I dedicate everything I was able to do to my training,' he said. 'We reacted the way we did because we were taught so well.'  But perhaps the one thing that helped him through his ordeal the most, Rieman said, was his wife, Mary.  Even though she was thousands of miles away, she was with him on that terrible day.  'I had to get back to her.  So I just told myself, you've got to make it through this,' Rieman said.

While attention was focused on operations around Najaf, the 3d Battalion, 1st Marine Regiment was conducting a series of operations with Iraqi Special Forces in the Fallujah area.  Thundering Third conducts 'Clean Sweep' near Fallujah describes a large cordon and search operation to further isolate the city of Fallujah.  The Battle Blog does not presume to know details of friendly operations plans, but it appears that the end of the Syrian rat line in Fallujah is next for the tried and true tactic of isolate and reduce.  The concept of operations involves putting Iraqi Special Forces on point to gather intelligence from the locals.

"Our Iraqi partners were up front developing the tactical situation for their Marine counterparts," explained [Lt. Col. Willard A] Buhl. "Their ability to gain intelligence on suspected enemy caches was invaluable and continued to build trust between our two fighting organizations — I expect our capabilities to increase commensurately," Buhl added.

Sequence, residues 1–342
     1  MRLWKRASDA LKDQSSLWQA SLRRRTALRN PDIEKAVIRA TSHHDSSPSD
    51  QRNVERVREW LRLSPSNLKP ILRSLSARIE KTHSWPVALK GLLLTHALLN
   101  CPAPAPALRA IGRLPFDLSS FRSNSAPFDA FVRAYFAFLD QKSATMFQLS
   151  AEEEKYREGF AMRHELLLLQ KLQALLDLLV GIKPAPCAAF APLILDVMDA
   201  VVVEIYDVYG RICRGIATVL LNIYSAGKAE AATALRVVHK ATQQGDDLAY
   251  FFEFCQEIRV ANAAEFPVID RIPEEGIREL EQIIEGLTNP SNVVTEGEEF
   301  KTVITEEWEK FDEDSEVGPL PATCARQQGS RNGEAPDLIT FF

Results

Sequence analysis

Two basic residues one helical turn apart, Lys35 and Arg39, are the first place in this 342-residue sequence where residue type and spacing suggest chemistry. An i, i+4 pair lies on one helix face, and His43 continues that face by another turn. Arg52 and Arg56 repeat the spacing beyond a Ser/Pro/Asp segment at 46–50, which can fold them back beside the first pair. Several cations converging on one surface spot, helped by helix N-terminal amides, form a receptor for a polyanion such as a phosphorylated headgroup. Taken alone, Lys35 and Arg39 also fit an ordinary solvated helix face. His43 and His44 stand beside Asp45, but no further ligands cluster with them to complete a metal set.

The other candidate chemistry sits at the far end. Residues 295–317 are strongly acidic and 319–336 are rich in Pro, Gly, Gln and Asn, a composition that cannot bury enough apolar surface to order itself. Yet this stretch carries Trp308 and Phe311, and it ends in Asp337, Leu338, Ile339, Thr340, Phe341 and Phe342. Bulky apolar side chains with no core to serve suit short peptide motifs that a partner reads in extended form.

In Afghanistan, Rozi Khan, a regional terrorist leader, has been killed during a joint raid by the Afghan military and US Special Forces.  The operation was conducted after intelligence reports indicated there was Taliban activity in the Zabul Province.  Coalition forces engaged in an hour—long firefight and captured 22 enemy fighters without sustaining any friendly casualties.  Khan's death is significant since he,

...is allegedly responsible for numerous attacks on coalition forces, laying of mines, kidnapping of non—governmental organization and road workers, and recruiting of enemy insurgents.  Khan was found with large sums of money, including nearly $10,000 in U.S. dollars and Pakistan rupees, an AK—47 assault rifle, six magazines of ammunition and a pistol.

An Numaniyah, Iraq is home to a new military base that has been completely refurbished by the Coalition at a cost of $165 million.  A CENTCOM press release emphasizes that the base will now be home a brigade headquarters and will,

serve as the home station for three battalions of the Iraqi Intervention Force — the Iraqi army's counterinsurgency wing.

The base at An Numaniyah was originally a Yugoslavian construction project for Saddam's regime.  As part of the current project, local Iraqi citizens have been an integral part of the renovation, helping with school construction, medical assistance and water projects.  In addition to the Army units stationed at the base, an Iraqi Police Services regiment is slated to begin training in special operations in urban terrain.  There are about 2,500 currently garrisoned at the base.

Douglas Hanson is our military affairs correspondent